It's said there are no new project management sins, just old ones repeated. It's also said that we don't learn the lessons from past projects, and this must be true, otherwise why would we keep making the same old mistakes.
In his article, "Lessons Learned: Why Don't we Learn From Them?" Derry Simmel, a board member of PMI's PMO SIG, identifies two common problems preventing us learning valuable lessons from past projects:
- We think the lessons don't apply to us
- We want to get things done
The sad truth is that these lessons learned are useful. That time spent in doing the work better is time well spent. That getting it right the first time is cheaper and easier than doing it now and fixing it later, Derry says.
So if we accept that lessons from past projects are indeed useful and can prevent problems later down the line; how can organisations create a lessons learned culture where people not only take the trouble to learn from past projects but want to learn. A culture where we apply best practices and discard bad ones.
For new initiatives to succeed, it's usually best to take a top-down approach. The organisation's senior leadership need to foster and support a lessons learned culture. This is likely to be more fruitful and long lasting than a bottom-up approach, although this could have limited success if project managers promote it actively themselves.
Given top level support, enough time and buy-in from project managers, lessons learned will become part of the organisation's culture and part of its continuous improvement process.
Process for Capturing Lessons Learned
If project managers are going to contribute actively to the project management knowledge within an organisation and make use of it, then we have to make it easy for them. Nobody is going to go out of their way to do it. So it's important to have a well-defined and simple process for collecting, collating, analysing and disseminating lessons learned. It could be along the lines of discover - recommend - document - share - review - store - retrieve.
Project teams should learn to identify lessons during projects and record them for inclusion in a lessons learned report at the end of the project. This might be done as part of their regular team meetings.
A sign that a project may be having a lessons learned moment is when the resources or customers are unhappy and discussing problems between themselves outside team and other project meetings. Lessons may also crop up during a project when team members identify areas for improvement.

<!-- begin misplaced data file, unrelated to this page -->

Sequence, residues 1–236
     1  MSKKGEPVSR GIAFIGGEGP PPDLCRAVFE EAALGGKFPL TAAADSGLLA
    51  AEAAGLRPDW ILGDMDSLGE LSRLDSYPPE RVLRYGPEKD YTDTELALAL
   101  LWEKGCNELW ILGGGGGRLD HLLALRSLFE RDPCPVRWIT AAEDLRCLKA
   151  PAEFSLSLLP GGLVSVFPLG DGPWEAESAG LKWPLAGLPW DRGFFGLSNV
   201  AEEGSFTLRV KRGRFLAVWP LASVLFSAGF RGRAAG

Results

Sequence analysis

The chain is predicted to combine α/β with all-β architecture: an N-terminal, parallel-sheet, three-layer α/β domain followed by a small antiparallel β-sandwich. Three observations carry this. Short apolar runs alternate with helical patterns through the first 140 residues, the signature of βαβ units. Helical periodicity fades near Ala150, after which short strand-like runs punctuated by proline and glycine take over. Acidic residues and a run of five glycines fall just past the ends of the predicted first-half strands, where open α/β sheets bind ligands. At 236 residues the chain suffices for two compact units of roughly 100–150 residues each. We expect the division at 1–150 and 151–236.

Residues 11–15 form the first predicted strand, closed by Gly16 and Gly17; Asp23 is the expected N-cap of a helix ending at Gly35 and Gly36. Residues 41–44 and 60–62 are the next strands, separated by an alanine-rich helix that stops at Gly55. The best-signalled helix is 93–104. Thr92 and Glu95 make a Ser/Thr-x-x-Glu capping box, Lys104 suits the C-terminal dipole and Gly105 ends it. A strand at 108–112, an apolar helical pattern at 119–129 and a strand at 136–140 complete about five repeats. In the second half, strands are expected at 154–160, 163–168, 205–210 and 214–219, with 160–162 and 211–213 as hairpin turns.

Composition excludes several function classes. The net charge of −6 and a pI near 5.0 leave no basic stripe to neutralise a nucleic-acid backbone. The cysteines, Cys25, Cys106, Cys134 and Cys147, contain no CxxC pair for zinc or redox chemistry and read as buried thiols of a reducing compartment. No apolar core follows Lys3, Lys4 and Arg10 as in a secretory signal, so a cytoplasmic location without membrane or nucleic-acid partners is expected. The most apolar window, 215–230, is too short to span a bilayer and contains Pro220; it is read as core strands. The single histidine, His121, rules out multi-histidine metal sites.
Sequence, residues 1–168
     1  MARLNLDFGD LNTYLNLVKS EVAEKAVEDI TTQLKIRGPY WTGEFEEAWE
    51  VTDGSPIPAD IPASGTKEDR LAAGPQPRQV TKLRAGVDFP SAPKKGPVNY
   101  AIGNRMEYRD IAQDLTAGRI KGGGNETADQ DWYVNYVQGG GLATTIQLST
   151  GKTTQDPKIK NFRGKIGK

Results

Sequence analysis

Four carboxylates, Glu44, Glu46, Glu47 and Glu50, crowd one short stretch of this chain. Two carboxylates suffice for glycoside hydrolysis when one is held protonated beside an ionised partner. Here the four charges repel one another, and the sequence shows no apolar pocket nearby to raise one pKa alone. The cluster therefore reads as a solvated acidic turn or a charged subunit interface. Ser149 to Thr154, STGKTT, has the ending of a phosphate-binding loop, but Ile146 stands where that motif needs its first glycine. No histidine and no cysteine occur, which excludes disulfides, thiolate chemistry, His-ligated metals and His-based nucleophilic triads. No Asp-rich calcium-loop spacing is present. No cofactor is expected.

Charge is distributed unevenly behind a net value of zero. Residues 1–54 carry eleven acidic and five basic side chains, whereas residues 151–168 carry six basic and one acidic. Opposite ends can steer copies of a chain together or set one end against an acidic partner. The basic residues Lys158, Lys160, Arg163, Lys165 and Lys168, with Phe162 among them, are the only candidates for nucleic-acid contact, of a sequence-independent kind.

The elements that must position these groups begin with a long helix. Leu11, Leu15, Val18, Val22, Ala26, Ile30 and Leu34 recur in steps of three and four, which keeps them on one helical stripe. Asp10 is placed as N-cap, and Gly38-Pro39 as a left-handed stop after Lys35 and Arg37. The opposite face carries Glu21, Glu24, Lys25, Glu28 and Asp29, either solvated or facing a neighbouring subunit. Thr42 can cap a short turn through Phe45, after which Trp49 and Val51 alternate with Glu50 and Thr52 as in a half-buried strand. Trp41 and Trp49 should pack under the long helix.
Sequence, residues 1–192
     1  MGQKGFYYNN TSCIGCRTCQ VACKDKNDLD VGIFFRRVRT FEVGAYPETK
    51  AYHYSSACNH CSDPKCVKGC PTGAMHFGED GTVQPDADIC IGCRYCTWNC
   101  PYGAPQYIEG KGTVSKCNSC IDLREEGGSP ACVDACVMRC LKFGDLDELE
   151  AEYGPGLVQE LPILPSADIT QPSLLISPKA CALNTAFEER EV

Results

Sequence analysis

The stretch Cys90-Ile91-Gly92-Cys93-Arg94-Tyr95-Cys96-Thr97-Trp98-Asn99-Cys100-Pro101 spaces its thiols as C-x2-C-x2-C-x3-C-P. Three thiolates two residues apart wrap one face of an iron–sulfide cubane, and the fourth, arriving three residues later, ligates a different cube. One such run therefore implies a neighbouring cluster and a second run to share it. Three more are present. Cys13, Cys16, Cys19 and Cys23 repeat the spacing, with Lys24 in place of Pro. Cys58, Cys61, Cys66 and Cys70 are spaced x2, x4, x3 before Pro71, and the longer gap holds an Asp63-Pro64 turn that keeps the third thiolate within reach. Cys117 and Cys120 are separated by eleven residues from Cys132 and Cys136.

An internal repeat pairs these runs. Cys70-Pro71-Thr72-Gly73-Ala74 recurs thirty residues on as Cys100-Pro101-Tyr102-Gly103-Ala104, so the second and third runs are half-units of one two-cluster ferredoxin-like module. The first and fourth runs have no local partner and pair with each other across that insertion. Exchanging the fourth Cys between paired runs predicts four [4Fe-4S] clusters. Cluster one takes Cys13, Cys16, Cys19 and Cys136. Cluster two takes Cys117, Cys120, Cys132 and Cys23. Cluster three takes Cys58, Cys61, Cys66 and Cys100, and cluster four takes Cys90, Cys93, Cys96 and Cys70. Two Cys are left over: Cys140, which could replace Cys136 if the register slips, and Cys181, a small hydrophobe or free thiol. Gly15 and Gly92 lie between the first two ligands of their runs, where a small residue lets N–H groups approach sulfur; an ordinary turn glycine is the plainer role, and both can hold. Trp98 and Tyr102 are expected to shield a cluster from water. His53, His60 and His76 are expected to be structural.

Arrange regular brainstorming sessions with the project team, with an independent facilitator, to unearth valuable lessons. Don't leave it until the end of the project when memories have faded.
Lessons can be discovered by asking these three questions:
- What went right?
- What went wrong?
- What could have been better?
Use the facilitator to document the lessons, keep the meeting focussed on the central issues, and steer the discussion in the right direction.
Project managers and their teams should make recommendations. What would they do if they could go back and start over again?
This activity needs a degree of honesty that some team members may find uncomfortable. The feedback needs to be constructive and avoid getting personal. We are not looking to play the blame game here; we need to understand how things could be done better in the future.
For this to work effectively the organisation's leadership needs to reward this honesty and demonstrate it will not have an adverse impact on individual careers.
3. Document and Share
It is important to record and share findings. The best way to do this is by creating a standard lessons learned report and a repository with good meta-data to help with identification. This should be kept updated with lessons from the most recent projects to take account of the current working environment, structures and constraints.
Standard format reports and meta-data will make it easier when reviewing multiple documents and searching the repository using keywords and phrases.
It is the job of the Project Management Office (PMO) to review lessons learned reports and pull out issues that arise multiple times. Recurring issues can be surfaced and presented in a general read this first list of lessons.
The PMO must look at what makes projects succeed and what makes them fail, and give recommendations that sit alongside those of the project teams.
Lessons learned must be stored in a central repository with general access. Create a system for storage and retrieval of lessons. Online systems are ideal for this, giving easy access to the lessons. Most organisations have portals and Intranets that can be used for this purpose.
Retrieving lessons learned on a regular basis must be part of the organisation's culture. Project managers should be expected to retrieve and review lessons before commencing a project. They should have this as part of their annual performance objectives and be able to demonstrate they have retrieved, reviewed and applied lessons wherever applicable.
Creation of a successful lessons learned culture needs leadership support as well as time and buy-in from project managers. Implementation of a simple process for collecting, collating, analysing and disseminating lessons learned is essential if it's to be adopted.
Once lessons have been captured, they need to be made available to all project teams to help them avoid repeating problems of the past. It is important that these teams understand what past projects have to tell them and act upon that information.
History has a strange way of repeating itself. If we don't take the time to learn the lessons of the past, and moreover act upon them, we will continue to commit the same project management sins again and again. And don't think it won't happen to you, it will.
Remember, in the words of Derry Simmel,
…time spent in doing the work better is time well spent.